What Popular Pet Was The Result Of Pollution-Oriented Experiments?
GloFish, the brilliantly neon variation of the common zebrafish, are a pet store favorite completely irresistible to curious children. Millions of the tiny, speedy, and glowing fish have been sold to Americans over the last decade.
What most of the purchasers are likely unaware of, however, is that the fish aren’t found in nature and, in fact, didn’t even exist prior to a 1999 science experiment. It was then that Dr. Zhiyuan Gong at the National University of Singapore created the brilliant version of the common zebrafish by introducing fluorescent proteins from jellyfish into the zebrafish. Their goal was to create a fish that would react to pollutants in the surrounding water and serve as a mobile and rapidly multiplying indicator of water system health.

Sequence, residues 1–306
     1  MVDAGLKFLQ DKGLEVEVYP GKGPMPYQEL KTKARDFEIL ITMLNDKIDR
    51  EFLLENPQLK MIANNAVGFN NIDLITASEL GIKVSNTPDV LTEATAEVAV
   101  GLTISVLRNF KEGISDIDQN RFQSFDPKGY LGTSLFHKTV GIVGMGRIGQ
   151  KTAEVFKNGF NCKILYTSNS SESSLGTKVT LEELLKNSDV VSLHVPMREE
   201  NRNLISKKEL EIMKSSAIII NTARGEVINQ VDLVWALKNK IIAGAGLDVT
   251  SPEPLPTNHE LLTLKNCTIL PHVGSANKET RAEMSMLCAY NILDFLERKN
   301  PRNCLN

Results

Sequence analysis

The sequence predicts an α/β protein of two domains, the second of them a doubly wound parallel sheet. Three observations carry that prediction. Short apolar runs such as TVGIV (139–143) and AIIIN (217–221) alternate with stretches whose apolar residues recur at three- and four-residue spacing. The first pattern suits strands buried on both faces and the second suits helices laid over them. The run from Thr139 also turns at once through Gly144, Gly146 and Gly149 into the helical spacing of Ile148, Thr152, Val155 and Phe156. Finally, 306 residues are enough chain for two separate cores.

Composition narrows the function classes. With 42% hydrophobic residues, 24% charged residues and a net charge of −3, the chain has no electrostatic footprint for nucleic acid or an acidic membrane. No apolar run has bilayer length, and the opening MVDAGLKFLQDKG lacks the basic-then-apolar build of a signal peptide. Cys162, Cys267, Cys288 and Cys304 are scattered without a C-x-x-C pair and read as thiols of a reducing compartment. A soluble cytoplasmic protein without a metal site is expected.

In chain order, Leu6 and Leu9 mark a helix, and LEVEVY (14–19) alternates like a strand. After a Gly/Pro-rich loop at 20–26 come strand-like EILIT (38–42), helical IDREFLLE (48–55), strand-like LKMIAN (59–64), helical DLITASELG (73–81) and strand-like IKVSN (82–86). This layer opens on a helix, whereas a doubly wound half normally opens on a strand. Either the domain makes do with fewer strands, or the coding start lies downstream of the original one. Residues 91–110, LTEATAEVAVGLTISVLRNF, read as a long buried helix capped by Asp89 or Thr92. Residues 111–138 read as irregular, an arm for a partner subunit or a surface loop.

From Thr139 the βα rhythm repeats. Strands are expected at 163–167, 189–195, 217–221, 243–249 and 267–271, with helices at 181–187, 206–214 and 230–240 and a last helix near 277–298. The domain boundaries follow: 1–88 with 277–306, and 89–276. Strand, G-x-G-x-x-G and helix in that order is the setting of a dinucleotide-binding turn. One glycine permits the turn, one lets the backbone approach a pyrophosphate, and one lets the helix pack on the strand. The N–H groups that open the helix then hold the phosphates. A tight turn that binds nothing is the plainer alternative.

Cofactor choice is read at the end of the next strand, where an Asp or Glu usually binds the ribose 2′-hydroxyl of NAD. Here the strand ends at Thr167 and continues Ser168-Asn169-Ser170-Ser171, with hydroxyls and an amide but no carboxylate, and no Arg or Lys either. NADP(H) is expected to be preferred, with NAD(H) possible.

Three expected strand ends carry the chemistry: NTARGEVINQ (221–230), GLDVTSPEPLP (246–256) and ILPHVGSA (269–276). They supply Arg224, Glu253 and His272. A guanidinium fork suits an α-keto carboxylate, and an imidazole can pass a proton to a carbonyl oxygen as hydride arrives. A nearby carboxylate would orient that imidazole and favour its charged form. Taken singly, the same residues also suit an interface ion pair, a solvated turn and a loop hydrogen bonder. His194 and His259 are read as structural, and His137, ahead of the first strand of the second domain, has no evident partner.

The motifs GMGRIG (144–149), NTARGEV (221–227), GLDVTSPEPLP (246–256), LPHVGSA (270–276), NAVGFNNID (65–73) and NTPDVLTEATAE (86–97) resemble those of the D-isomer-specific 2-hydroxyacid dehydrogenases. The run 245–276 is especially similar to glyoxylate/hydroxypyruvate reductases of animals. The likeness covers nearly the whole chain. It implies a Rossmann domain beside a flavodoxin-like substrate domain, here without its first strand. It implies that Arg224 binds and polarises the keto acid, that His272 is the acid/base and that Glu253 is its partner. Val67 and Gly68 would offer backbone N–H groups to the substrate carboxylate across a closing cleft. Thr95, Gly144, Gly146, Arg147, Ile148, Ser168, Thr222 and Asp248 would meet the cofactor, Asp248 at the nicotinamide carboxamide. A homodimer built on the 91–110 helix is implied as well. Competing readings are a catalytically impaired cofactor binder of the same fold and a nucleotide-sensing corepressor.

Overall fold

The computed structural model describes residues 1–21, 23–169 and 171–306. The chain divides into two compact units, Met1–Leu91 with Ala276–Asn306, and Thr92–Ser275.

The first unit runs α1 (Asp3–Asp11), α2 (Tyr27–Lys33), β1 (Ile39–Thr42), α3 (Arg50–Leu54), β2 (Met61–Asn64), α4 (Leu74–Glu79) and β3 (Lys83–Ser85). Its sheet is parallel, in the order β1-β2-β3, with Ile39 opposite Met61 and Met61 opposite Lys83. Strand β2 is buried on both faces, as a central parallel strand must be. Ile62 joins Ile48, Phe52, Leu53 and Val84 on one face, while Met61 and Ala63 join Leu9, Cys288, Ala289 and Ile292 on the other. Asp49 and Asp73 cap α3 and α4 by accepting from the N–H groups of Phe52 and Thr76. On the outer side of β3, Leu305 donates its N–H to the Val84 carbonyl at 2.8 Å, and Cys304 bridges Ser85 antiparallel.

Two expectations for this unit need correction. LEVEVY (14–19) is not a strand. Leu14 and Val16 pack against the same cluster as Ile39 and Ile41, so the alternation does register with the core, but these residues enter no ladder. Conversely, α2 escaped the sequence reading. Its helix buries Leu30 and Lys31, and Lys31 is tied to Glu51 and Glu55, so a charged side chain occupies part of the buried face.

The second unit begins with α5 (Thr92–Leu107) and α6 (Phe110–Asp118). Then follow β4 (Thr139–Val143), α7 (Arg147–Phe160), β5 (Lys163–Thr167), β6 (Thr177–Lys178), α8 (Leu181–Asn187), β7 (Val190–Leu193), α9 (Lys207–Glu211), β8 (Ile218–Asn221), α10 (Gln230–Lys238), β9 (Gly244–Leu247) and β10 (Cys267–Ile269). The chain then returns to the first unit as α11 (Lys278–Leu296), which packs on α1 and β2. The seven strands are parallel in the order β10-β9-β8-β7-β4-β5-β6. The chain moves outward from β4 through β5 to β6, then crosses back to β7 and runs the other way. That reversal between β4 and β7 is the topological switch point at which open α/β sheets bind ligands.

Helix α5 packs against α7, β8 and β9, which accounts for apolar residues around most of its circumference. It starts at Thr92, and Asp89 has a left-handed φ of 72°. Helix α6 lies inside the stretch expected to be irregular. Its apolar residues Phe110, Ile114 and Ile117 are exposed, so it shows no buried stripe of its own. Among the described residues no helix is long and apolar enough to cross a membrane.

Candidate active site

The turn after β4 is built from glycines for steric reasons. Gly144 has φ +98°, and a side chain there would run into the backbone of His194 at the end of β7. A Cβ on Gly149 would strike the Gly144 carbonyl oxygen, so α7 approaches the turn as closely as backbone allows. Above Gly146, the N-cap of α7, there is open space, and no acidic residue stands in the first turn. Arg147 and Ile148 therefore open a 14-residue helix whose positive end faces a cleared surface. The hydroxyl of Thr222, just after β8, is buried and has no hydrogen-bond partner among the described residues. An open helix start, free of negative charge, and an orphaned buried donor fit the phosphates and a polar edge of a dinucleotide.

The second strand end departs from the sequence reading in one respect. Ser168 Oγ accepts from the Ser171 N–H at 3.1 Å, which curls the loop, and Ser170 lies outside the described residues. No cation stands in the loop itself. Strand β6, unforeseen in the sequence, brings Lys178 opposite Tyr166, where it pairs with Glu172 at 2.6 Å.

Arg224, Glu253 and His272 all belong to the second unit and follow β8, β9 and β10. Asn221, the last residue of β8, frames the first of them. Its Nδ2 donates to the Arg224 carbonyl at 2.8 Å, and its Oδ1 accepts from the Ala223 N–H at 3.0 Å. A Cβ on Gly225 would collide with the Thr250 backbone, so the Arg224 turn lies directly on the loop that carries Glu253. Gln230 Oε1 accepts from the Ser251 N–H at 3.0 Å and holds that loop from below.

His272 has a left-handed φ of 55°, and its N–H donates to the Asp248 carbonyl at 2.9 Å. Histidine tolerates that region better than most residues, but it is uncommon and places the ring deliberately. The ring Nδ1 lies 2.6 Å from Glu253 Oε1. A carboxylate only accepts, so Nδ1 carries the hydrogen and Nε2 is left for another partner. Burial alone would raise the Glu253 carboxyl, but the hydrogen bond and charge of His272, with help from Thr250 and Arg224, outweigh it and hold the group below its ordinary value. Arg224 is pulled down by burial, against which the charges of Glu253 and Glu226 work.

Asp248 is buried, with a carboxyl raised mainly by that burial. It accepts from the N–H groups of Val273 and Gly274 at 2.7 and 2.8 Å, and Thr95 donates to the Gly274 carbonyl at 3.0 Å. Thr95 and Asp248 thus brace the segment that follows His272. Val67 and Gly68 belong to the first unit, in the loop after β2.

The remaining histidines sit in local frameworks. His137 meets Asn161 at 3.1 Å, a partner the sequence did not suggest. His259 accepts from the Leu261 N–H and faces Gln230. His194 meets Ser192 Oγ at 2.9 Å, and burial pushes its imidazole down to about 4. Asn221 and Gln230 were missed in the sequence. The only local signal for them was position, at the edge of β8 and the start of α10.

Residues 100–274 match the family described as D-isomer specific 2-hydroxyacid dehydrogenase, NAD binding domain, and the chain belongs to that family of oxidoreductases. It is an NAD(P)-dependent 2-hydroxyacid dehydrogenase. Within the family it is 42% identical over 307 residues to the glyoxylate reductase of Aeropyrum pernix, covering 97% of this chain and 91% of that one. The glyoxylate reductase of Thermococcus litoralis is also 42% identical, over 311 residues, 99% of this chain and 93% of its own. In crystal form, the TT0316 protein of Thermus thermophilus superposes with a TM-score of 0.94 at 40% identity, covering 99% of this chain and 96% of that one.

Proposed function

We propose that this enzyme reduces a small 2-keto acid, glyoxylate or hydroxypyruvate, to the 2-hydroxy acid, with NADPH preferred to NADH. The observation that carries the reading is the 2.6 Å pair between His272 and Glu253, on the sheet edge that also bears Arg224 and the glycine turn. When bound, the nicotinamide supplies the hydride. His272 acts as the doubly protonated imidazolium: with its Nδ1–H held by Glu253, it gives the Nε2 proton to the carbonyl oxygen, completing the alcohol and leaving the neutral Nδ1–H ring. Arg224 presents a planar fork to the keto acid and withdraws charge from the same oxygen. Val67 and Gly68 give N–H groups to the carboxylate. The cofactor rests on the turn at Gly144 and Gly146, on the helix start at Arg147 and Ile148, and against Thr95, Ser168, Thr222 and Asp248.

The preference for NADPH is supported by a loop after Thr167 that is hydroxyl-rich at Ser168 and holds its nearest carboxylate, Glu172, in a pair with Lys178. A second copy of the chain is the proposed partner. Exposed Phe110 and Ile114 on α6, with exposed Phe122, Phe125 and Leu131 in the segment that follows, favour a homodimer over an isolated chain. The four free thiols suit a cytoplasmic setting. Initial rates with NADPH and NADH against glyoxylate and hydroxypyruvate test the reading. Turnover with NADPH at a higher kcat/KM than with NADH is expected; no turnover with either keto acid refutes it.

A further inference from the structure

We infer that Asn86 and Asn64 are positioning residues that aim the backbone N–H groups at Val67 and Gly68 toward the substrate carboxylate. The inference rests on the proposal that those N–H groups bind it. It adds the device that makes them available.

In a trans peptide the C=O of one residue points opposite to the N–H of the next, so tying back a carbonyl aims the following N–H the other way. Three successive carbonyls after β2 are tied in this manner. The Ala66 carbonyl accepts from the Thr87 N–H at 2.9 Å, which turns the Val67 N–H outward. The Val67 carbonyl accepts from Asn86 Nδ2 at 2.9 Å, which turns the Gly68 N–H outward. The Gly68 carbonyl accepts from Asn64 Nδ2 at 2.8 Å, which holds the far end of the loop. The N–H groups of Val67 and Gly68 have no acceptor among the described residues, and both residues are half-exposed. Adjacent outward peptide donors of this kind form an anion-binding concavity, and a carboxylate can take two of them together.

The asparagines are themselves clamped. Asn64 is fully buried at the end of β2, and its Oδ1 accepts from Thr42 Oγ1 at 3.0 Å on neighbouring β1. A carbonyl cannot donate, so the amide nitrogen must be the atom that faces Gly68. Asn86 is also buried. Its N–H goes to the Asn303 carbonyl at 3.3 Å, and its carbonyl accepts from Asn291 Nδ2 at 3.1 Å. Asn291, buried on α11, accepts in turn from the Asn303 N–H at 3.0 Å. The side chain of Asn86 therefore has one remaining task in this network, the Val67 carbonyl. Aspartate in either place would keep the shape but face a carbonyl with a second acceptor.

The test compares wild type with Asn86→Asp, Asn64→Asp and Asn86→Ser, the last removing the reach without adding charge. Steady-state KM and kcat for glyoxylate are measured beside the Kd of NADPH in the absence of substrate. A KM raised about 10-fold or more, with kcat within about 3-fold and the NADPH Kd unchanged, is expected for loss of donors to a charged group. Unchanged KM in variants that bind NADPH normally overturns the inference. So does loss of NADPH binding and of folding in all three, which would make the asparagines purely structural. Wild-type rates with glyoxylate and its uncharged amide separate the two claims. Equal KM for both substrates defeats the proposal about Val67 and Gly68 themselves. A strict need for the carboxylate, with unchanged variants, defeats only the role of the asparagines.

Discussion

While the modified zebrafish have enjoyed success in research settings, their real success has been in the U.S. pet market. Introduced in 2003 as GloFish, the bright green, yellow, pink, and orange fish have become wildly popular. GloFish were the first, and to date only, genetically modified pet approved for sale within the United States.
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